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All About Sheepdog Breeds

How to Choose From the Herding Dogs Breeds

By Meredith Alling. June 20, 2013 | See Comments

All About Sheepdog Breeds

From Croatia to Wales, Sheepdogs have helped on farms for ages, and are widely recognized as great family pets as well. Learn about the different types of Sheepdogs.

Sheepdogs take their name from what they were bred and trained to do -- work with sheep. This work can involve herding sheep as they are moved, or guarding sheep from predators or poachers. Many sheepdogs also manage other animals, such as horses or cattle, and they often become integral working members of a farm team. Though these breeds are perfectly suited for working with livestock, many are also capable of taking on the job of loving pet. Active, intelligent, watchful, and trainable, a sheepdog may be the perfect addition to your family’s flock.

Belgian Sheepdog

During WWII, these dogs performed amazing feats on the battlefields, serving as message carriers, ambulance dogs, and weapons transporters. Today, this breed makes a wonderful pet to owners who can provide them with plenty of stimulation. The Belgian Sheepdog needs lots of exercise, and makes a great search and rescue dog, therapy dog, guide dog, or watchdog.

Catalan Sheepdog

A smart and faithful breed, the Catalan Sheepdog is an excellent companion pet, but tends to be wary of strangers. These dogs excel at dog sports and agility training, and require a good deal of exercise for their active personalities. Today, the Catalan Sheepdog is still commonly used for sheep herding.

Croatian Sheepdog

The Croatian Sheepdog is an alert and energetic breed. These dogs are cautious of strangers and make excellent watchdogs. Their athletic bodies and sharp minds crave exercise, stimulation, and challenging tasks. This breed has a tendency to choose one special master to obey.

Himalayan Sheepdog

The rustic Himalayan Sheepdog is a mountain dog. This breed originated in Nepal, and is rarely seen outside of India and Nepal. Observant, territorial, and fearless, these dogs are often used for herding purposes, but also make great companion pets. The Himalayan Sheepdog requires ample outdoor space, and is not recommended for homes with other animals.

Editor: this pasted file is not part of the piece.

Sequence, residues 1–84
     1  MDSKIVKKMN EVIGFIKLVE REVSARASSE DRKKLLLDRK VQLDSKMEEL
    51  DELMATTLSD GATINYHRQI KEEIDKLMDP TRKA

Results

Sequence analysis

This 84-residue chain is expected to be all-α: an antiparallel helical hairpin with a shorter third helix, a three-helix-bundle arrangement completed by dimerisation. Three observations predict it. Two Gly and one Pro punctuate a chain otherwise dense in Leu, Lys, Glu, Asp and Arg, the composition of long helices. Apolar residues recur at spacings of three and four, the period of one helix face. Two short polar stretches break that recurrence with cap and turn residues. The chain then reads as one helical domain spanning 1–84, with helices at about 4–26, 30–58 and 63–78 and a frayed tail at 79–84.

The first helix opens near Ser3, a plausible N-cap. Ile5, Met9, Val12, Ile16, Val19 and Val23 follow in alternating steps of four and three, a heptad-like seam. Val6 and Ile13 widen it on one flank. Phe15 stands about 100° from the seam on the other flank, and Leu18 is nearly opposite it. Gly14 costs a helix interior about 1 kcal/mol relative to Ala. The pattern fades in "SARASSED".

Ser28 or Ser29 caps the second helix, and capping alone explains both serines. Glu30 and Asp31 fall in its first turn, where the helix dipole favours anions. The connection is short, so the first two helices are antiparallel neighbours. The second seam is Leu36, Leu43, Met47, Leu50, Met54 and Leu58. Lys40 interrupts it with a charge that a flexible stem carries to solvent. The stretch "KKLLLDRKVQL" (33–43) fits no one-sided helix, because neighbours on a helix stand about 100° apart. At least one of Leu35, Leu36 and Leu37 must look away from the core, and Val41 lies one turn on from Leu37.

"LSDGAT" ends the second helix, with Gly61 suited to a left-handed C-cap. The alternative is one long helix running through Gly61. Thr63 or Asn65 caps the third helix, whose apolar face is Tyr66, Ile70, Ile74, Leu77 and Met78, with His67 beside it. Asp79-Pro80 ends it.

Icelandic Sheepdog

Loving, playful, and curious, Icelandic Sheepdogs are so adored in their native country of Iceland that they are portrayed on postage stamps. These are ideal family dogs who are very social, eager to please, and patient with children.

Old English Sheepdog

This large and fluffy dog (pictured above) has a friendly, gentle, and adaptable personality that is well suited to homes with children. The Old English Sheepdog is also very intelligent, and highly trainable.






Polish Lowland Sheepdog

A classic working dog, the Polish Lowland Sheepdog is attentive, loyal, and full of life. Their medium size makes them a good fit for any type of home, and they are good watchdogs who are often suspicious of strangers. Not a low maintenance pet, the Polish Lowland Sheepdog requires daily brushing to prevent coat mats.

Polish Tatra Sheepdog

The Polish Tatra Sheepdog is a herding dog through and through. These dogs are very independent and prefer to be outdoors, but become devoted to their family and offer protection with booming barks and self-guided vigilance. These dogs do best with regular obedience training, and get along well with other pets as well we children. This breed is still regularly used for the herding and guarding of livestock.

Shetland Sheepdog

Small and agile, the Shetland Sheepdog is one of the most obedient dog breeds. Affectionate, devoted, and extremely intelligent, these dogs are celebrated for their amazing capabilities of tracking, herding, guarding, and performing tricks.

 




Welsh Sheepdog

The Welsh Sheepdog is an active-minded dog who likes to be occupied with a task. These dogs are very protective of their owners, and will do just about anything to please them. This breed can be trained rather easily, and will act obediently as long as there is an outlet for their vast amounts of energy. Today, these dogs are still commonly used for herding livestock.

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